music to influence
Music in itself sounding in the head. Is that familiar?
Probably this happens with everyone, which is already there. Some “Praskovya girl” will get attached, spin, spin, and stop. Another thing is when a melody begins to sound continuously and is perceived as if it comes from outside. This is a disaster.
“A song playing from time to time in your head is normal. Another thing is musical hallucinations, they become a serious problem. People cannot sleep, they cannot think,” says British psychiatrist Victor Aziz, who, along with a colleague Nick Warner recently returned the attention of scientists to the psychopathological problem of “music in the brain.”
What are these hallucinations, and what is it like to live with them – we explain with an example. Continue reading
Musical culture in its deepest meaning has long gone beyond the circle of music lovers in the modern world. The widespread use of music in order to influence the state of man has now taken on an almost total character. The property of music to influence a person’s condition is now used in therapeutic sessions, advertising, cinema, etc.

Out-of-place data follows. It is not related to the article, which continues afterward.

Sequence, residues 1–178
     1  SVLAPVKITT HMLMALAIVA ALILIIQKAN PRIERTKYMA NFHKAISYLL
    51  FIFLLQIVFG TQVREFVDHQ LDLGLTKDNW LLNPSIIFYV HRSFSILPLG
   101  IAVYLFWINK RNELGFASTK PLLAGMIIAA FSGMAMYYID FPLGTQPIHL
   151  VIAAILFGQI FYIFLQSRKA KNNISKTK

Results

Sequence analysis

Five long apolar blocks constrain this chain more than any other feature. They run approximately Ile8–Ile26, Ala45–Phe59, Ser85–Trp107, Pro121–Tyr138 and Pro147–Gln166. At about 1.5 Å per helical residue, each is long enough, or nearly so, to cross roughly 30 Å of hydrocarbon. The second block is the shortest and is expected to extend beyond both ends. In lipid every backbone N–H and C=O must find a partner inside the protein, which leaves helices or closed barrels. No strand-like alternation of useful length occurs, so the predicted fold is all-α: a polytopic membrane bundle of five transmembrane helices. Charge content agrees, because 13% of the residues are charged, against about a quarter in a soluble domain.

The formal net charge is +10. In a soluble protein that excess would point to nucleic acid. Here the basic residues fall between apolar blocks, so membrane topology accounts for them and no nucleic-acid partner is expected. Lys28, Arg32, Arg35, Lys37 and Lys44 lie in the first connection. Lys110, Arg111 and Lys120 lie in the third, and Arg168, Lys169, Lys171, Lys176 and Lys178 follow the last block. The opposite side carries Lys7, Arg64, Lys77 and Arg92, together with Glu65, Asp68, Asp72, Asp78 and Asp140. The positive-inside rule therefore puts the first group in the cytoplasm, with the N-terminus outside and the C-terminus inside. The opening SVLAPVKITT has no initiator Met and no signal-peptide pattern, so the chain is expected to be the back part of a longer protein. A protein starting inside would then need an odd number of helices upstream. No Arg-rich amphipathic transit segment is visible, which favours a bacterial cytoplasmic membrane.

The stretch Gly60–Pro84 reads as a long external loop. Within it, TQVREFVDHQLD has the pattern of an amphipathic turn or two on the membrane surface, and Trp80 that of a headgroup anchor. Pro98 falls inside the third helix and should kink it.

The direction of music therapy and musical suggestion, insufficiently studied by modern psychological science, brings, among other things, unexpected results of using music to influence the state of consciousness, especially on a massive scale. Continue reading
We listen to a cassette of spiritual music – Tibetan monks or Gregorian singing. If you listen carefully, you can hear how the voices merge, forming one pulsating tone.
This is one of the most interesting effects inherent in some musical instruments and the chorus of people singing in approximately the same key – the formation of beats. When voices or instruments converge in unison, the beats slow down, and when they diverge, they accelerate.
Perhaps this effect would remain in the sphere of interest only of musicians, if not for the researcher Robert Monroe. He realized that despite the widespread fame in the scientific world of the effect of beats, no one investigated their effect on a person’s state when listening through stereo headphones. Monroe discovered that when listening to sounds of close frequency on different channels (right and left), a person feels the so-called binaural beats, or binaural beats. Continue reading